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Old August 7th, 2008, 01:19 PM   #3
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Nice point Don. In Toronto though I find Catholic priest to be stricter than other denominations, I even shot a wedding in my Parish Church and the priest who I know personally, gave me the usual limitations, stay left or right and don't step on the Altar. I make it a point to speak with the priest with the groom present so he knows the limitation and what to expect. A second unmanned camera in the altar would help but then again it is up to the priest.
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Old August 7th, 2008, 01:52 PM   #4
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My goal is to get the best footage possible while being as invisible as possible. The location really helps determine how this works out. Churches tend to be pretty restrictive, but outdoor weddings (most of what I tend to draw) are much more lenient. We have a church in our area that nearly blacklisted me for "leaning" out into the aisle as the bride entered. Later, for another wedding, I was reminded not to "lean".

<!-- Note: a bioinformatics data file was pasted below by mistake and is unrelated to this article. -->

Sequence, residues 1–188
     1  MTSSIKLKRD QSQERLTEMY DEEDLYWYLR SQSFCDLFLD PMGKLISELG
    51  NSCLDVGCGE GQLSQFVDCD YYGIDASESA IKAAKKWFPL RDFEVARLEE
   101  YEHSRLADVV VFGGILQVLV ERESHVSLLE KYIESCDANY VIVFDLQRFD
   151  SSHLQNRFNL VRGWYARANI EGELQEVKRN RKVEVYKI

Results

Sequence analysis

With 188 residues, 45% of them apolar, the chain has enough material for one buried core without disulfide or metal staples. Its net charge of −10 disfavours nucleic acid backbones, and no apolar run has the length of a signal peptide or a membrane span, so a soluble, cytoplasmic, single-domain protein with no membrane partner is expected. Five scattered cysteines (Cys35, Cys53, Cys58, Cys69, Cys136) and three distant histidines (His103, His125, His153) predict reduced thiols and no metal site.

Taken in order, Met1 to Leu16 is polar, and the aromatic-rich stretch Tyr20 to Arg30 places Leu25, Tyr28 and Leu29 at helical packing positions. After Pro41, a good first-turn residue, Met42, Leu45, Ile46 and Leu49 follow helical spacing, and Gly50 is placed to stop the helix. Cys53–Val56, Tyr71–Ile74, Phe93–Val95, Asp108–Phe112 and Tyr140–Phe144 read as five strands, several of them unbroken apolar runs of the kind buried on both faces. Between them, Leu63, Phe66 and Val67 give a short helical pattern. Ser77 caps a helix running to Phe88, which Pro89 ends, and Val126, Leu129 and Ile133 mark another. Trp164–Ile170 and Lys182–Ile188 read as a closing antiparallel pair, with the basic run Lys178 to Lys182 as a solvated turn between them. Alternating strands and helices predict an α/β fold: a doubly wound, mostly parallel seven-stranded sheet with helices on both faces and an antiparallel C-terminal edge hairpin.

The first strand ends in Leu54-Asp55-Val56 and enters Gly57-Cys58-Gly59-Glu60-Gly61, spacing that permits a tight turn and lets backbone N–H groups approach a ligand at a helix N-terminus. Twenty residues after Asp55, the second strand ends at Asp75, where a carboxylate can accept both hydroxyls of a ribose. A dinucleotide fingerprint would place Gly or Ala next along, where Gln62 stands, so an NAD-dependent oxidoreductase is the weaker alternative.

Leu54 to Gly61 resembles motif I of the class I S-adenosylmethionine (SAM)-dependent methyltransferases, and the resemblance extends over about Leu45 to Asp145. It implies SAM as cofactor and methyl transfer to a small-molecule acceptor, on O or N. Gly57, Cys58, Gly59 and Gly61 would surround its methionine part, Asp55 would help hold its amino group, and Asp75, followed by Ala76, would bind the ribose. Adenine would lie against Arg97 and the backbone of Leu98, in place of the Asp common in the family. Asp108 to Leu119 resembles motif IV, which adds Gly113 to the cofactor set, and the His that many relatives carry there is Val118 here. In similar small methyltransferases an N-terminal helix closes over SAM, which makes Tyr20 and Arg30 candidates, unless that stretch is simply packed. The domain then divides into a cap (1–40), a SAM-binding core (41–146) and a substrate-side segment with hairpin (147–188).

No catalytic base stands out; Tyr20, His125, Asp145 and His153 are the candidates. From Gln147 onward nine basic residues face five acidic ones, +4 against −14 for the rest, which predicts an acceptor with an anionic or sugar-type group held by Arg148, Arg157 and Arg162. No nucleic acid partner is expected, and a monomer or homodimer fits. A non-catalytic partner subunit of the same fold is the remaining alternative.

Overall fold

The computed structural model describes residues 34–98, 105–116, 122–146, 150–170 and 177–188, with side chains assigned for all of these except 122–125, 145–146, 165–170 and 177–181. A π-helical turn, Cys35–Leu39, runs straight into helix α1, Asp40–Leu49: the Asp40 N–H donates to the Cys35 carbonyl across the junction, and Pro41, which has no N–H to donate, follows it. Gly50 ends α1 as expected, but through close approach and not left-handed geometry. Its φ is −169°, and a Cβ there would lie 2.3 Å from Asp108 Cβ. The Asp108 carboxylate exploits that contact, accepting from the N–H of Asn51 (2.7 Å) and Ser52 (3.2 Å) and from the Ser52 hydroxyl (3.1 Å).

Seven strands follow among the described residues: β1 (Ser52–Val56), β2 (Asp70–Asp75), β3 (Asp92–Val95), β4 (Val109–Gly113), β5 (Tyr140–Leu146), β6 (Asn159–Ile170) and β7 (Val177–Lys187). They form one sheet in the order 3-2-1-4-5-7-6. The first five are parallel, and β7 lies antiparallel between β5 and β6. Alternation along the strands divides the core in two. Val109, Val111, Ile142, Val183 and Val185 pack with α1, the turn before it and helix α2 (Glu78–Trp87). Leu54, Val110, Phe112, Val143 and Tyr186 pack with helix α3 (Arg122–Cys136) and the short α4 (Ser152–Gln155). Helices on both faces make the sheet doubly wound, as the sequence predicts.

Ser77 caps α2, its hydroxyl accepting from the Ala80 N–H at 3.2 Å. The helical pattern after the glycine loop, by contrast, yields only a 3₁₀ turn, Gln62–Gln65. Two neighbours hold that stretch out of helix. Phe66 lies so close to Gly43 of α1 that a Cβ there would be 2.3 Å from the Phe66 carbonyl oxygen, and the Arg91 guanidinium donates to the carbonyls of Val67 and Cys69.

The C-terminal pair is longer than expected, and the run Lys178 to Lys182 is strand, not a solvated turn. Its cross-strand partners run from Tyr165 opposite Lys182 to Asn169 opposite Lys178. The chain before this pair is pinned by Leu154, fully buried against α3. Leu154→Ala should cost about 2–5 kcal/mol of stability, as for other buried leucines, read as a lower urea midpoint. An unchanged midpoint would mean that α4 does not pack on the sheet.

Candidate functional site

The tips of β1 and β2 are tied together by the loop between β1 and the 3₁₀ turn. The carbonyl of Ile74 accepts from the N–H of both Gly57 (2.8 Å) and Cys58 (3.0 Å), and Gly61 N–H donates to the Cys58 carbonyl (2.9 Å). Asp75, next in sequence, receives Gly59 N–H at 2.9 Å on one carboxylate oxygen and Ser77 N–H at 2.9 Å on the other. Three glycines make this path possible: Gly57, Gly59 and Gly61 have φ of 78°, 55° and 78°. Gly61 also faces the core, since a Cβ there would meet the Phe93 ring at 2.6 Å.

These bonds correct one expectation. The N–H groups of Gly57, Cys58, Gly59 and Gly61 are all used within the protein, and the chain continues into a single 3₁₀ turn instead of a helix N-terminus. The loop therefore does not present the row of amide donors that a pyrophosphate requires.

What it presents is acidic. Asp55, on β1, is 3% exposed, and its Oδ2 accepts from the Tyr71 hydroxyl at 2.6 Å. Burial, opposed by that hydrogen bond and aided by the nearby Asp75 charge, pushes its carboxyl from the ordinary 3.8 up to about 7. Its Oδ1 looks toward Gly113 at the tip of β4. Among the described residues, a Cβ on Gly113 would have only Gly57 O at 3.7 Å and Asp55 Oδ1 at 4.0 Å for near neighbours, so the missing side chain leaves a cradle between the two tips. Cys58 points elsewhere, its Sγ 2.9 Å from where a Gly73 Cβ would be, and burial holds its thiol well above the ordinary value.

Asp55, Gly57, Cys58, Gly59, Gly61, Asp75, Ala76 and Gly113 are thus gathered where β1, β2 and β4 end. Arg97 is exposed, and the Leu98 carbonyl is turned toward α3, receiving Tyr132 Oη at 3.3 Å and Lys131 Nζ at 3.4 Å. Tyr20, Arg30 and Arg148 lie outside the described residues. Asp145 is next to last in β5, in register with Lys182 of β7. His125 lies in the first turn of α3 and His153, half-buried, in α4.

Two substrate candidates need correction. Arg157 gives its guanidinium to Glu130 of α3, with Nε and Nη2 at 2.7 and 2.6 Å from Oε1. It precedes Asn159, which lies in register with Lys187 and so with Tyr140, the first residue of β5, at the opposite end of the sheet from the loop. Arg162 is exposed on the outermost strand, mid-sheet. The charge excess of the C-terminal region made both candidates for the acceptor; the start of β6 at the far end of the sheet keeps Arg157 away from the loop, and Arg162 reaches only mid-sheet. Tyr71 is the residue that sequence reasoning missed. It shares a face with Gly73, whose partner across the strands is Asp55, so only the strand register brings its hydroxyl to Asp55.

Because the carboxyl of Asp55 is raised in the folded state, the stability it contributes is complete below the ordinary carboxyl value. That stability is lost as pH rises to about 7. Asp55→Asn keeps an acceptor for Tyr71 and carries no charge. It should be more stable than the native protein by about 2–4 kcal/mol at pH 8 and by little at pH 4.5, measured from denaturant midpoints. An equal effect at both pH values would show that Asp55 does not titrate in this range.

I can understand not wanting video guys running around drawing all sorts of attention, but when "leaning" to get a shot (which otherwise ends up being a shot of the backs of people's heads) is a problem, I have a problem with that.
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Old August 7th, 2008, 02:09 PM   #5
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Originally Posted by Travis Cossel View Post
My goal is to get the best footage possible while being as invisible as possible. The location really helps determine how this works out. Churches tend to be pretty restrictive, but outdoor weddings (most of what I tend to draw) are much more lenient. We have a church in our area that nearly blacklisted me for "leaning" out into the aisle as the bride entered. Later, for another wedding, I was reminded not to "lean".

I can understand not wanting video guys running around drawing all sorts of attention, but when "leaning" to get a shot (which otherwise ends up being a shot of the backs of people's heads) is a problem, I have a problem with that.